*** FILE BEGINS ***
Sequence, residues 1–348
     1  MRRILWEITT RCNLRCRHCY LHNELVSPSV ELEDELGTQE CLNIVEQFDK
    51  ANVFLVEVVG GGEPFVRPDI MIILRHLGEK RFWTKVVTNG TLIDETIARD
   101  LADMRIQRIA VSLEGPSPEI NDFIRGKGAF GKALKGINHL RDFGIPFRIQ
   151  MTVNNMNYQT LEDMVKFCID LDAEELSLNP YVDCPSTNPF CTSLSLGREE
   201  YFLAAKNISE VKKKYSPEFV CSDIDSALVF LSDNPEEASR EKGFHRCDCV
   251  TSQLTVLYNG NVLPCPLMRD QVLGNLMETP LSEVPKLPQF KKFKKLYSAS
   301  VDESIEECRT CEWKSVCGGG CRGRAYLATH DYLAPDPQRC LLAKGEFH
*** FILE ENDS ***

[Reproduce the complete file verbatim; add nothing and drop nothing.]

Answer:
Sequence, residues 1–348
     1  MRRILWEITT RCNLRCRHCY LHNELVSPSV ELEDELGTQE CLNIVEQFDK
    51  ANVFLVEVVG GGEPFVRPDI MIILRHLGEK RFWTKVVTNG TLIDETIARD
   101  LADMRIQRIA VSLEGPSPEI NDFIRGKGAF GKALKGINHL RDFGIPFRIQ
   151  MTVNNMNYQT LEDMVKFCID LDAEELSLNP YVDCPSTNPF CTSLSLGREE
   201  YFLAAKNISE VKKKYSPEFV CSDIDSALVF LSDNPEEASR EKGFHRCDCV
   251  TSQLTVLYNG NVLPCPLMRD QVLGNLMETP LSEVPKLPQF KKFKKLYSAS
   301  VDESIEECRT CEWKSVCGGG CRGRAYLATH DYLAPDPQRC LLAKGEFH